I am often asked which accents I like and dislike. My personal preferences are based on situations where I felt comfortable or even a negative experience. Also accents I hear on the radio and television make me feel more comfortable with those accents. Those I’m not familiar with, or haven’t heard, I am fascinated by, but I know that other people, who are less nosy about accents, might have a personal reaction to an accent.
A few months ago, I was at a party with my husband. A fellow guest, a GP from Liverpool, stated out of the blue “I hate all people from Birmingham!”. “You must meet my wife” replied my husband. I asked her why she didn’t like Brummies. “They speak disgustingly; they are all lazy; they are all thieves etc. etc.” “But I’m from Birmingham originally, how can you attribute these characteristics to me and my family without knowing us?” She had no answer to that, but couldn’t identify where this prejudice had come from – but either she’d had a bad experience in Birmingham, although risibly she’d never visited the city, had met a Brummie that she had a bad experience with, or her family had told her that Brummies were not good people!
Last week, my friends and I were talking about Strictly Come Dancing. One of my friends said that she didn’t like one of the contestants, from Liverpool, because she had an awful voice that got on her nerves. My friend has quite a strong Essex accent, which is brilliant and funny – rather like a Liverpool accent. It seemed strange that my friend wasn’t able to see the Liverpool dancer’s great personality, beauty, grace and hard work, because her accent blinded her to seeing the whole person.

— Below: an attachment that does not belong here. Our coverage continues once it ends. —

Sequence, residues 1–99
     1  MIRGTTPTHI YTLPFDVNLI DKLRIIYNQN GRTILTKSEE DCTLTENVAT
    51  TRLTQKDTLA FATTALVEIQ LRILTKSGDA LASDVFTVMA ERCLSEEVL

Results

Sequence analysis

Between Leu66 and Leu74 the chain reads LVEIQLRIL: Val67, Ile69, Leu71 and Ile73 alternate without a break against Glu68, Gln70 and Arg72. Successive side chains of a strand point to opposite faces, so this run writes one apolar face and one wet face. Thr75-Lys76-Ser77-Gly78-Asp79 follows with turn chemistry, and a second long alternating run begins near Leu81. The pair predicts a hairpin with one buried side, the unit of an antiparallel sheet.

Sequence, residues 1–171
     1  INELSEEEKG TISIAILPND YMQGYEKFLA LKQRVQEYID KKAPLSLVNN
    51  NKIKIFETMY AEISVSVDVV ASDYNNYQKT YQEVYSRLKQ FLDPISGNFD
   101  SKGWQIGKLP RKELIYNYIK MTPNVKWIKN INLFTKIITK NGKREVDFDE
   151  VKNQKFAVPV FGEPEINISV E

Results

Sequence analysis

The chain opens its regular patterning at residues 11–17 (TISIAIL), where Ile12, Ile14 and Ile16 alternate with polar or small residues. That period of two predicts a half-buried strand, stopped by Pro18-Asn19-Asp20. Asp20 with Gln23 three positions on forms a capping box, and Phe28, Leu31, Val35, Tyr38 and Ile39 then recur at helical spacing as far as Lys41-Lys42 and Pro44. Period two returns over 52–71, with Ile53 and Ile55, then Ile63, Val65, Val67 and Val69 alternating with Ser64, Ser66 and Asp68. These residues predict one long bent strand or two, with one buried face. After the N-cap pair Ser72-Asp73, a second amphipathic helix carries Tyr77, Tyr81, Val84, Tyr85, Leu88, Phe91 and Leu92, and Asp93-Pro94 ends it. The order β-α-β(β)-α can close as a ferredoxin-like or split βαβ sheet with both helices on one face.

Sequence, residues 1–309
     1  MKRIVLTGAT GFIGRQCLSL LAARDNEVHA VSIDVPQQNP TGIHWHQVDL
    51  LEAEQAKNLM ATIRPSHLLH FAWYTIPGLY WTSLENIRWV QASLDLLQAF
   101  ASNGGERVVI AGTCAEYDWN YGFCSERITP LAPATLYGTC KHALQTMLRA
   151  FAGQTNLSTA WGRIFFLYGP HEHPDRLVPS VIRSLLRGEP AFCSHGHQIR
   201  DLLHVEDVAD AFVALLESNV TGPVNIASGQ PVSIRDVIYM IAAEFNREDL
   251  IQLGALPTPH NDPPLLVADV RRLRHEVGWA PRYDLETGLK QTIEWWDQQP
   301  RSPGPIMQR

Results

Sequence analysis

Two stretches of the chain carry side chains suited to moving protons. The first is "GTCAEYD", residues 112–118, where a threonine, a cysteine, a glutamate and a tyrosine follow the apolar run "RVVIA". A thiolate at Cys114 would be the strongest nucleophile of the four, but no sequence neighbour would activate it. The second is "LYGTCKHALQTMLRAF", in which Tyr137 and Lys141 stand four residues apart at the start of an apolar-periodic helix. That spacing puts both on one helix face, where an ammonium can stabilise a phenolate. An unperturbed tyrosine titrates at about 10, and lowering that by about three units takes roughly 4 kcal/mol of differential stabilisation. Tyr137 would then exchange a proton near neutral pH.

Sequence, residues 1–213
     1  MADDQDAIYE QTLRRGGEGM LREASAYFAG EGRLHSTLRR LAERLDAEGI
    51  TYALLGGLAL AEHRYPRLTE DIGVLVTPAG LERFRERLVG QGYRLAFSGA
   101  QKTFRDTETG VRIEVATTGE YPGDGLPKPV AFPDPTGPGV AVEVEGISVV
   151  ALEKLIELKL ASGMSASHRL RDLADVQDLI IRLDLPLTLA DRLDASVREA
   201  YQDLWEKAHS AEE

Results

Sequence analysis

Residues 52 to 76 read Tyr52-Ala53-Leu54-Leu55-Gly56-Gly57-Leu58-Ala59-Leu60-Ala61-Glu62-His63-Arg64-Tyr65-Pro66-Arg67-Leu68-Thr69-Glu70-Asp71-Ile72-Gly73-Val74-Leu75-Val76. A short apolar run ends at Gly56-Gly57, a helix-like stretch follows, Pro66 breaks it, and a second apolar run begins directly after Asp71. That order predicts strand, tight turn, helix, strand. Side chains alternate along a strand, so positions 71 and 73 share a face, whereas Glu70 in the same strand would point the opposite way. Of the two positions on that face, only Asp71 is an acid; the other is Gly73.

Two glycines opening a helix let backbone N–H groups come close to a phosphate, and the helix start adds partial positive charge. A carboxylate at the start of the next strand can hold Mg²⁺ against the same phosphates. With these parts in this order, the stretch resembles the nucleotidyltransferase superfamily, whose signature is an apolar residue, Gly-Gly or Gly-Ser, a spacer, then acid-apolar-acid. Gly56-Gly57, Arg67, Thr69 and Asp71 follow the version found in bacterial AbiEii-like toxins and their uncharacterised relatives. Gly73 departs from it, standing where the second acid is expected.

Accents are very emotive in this country. It is no surprise that George Bernard Shaw, an Irishman by birth, reflecting “It is impossible for an Englishman to open his mouth without making some other Englishman hate or despise him.” Of course when he wrote this, we lived in a different world, when people didn’t hear a variety of accents, and if they heard a new accent, it was certainly going to be a stranger. Older people in rural areas, such as Durham and Northumberland can still identify which village their contemporaries come from, by their accent – even if other people from outside the area can’t hear this.
What has been marvellous about the Radio 4′s PM Accent week, is that I’ve heard the news read by newsreaders with accents I haven’t heard. We live in a world which has opened up aural experiences and there is an opportunity to widen people’s experiences of different accents, rather than having the default BBC RP accent – which is rather 1950s darling!